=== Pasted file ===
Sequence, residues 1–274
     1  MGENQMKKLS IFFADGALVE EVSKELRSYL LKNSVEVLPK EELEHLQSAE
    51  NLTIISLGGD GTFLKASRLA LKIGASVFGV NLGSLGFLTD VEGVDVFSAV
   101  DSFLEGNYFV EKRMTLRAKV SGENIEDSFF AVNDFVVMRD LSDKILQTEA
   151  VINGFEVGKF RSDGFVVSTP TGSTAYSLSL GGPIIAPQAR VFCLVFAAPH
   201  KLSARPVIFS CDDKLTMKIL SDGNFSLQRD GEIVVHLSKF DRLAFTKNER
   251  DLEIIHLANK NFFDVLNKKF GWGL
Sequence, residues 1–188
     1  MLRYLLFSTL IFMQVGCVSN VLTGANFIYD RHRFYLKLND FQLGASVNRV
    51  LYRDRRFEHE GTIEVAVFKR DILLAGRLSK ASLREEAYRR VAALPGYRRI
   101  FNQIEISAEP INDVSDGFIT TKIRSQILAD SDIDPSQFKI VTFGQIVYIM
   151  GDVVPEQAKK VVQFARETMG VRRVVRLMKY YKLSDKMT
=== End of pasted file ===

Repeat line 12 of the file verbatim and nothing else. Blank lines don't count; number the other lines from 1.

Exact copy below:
   151  GDVVPEQAKK VVQFARETMG VRRVVRLMKY YKLSDKMT